DOPAMINE: A New Alaska
Words & Photos: Jerome Tanon
Originally featured in Snowboard Mag Vol. 10, Issue 2 | The 10 Year Anniversary Issue
As I climb into a rented RV in Whitehorse, Canada, the Absinthe Films crew reveals the master plan: Opening a new zone outside of Haines, Alaska.
For years Absinthe has been trying to get a permit to fly on the Canadian side of the border into the wild and virgin Tatshenshini-Alsek Provincial Park, and finally got it. The area is a UNESCO World Heritage Site, and this was the first ever permit given to fly helicopters there. We got one for three weeks. Only pioneer explorers like Jeremy Jones have accessed the mountain range before.
Stocked with two weeks worth of groceries we drive into this vast and clear landscape and set up the RV camp on the side of a deserted road. Justin Hostynek and David Vladyka will be filming Mathieu Crepel, Victor De Le Rue, Blair Habenicht, Wolle Nyvelt, Jason Robinson, Bode Merrill and Manuel Diaz in this crazy adventure. We wait as the heli arrives and the weather clears out. No one has a single clue what the mountains will look like up there and what we will find. You can feel how everyone is boiling inside. Finally, we make the move for our first day out, scoping the terrain and looking for evidence of avalanche information.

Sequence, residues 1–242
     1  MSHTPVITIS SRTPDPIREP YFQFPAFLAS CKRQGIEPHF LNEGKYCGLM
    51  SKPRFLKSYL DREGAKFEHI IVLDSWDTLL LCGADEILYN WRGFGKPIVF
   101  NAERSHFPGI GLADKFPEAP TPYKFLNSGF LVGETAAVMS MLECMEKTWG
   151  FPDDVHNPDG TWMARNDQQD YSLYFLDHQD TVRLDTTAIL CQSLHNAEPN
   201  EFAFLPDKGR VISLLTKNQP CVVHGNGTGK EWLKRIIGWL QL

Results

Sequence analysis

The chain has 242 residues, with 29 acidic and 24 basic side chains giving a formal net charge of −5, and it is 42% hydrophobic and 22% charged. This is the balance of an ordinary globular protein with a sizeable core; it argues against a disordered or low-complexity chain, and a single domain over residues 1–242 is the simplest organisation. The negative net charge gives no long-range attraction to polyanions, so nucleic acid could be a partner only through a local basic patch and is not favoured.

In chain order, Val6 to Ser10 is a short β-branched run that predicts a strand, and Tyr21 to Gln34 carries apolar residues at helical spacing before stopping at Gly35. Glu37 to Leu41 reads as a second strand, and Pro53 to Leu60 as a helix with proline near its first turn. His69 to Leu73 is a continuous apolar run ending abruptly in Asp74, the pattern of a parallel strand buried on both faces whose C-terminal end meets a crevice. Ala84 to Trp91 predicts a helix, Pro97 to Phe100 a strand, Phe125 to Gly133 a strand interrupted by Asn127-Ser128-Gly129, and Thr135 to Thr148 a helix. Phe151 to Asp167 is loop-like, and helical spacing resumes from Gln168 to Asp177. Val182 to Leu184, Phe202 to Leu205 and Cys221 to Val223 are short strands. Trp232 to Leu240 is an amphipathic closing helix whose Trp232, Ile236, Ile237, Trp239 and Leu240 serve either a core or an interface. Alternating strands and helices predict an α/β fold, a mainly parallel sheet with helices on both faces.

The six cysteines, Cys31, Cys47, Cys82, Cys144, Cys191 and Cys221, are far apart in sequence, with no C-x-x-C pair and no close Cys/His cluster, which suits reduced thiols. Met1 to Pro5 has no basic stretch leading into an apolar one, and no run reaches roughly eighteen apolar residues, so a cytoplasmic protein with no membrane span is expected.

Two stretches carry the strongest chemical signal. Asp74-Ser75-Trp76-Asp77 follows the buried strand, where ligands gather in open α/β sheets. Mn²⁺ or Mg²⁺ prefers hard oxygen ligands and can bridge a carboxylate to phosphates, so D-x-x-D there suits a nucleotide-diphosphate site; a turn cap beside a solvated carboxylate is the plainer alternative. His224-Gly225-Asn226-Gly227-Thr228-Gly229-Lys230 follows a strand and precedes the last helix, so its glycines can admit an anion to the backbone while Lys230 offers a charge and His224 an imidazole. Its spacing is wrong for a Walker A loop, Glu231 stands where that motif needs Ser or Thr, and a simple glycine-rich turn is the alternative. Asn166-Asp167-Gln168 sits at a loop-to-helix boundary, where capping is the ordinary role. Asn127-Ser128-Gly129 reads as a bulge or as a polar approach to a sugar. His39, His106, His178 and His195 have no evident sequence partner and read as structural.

The mountains are dreamy, but the first news is not – it has been very windy up there. After digging pits and saying a few prayers, six riders stand atop the first face ready to drop. Rocks and cliffs are waiting for them at the bottom of almost every line. With eyes locked behind our lenses, we hold our breath as Manuel makes the sign and starts riding down.
“He’s going fast!” I think to myself. “He’s going fast as fuck! Where the hell is he going to exit the face? Oh shit, he hit a rock and lost control! He’s going straight towards a side cliff. He’s going to die!”
Manuel ollies as much as he can, flies upside down, his back smashes full speed on the rocks and bounces down the mountain. He finally lands in snow. I imagine if he’s not dead already he will at least be crippled. Miraculously he’s moving. Thank God he’s not dead.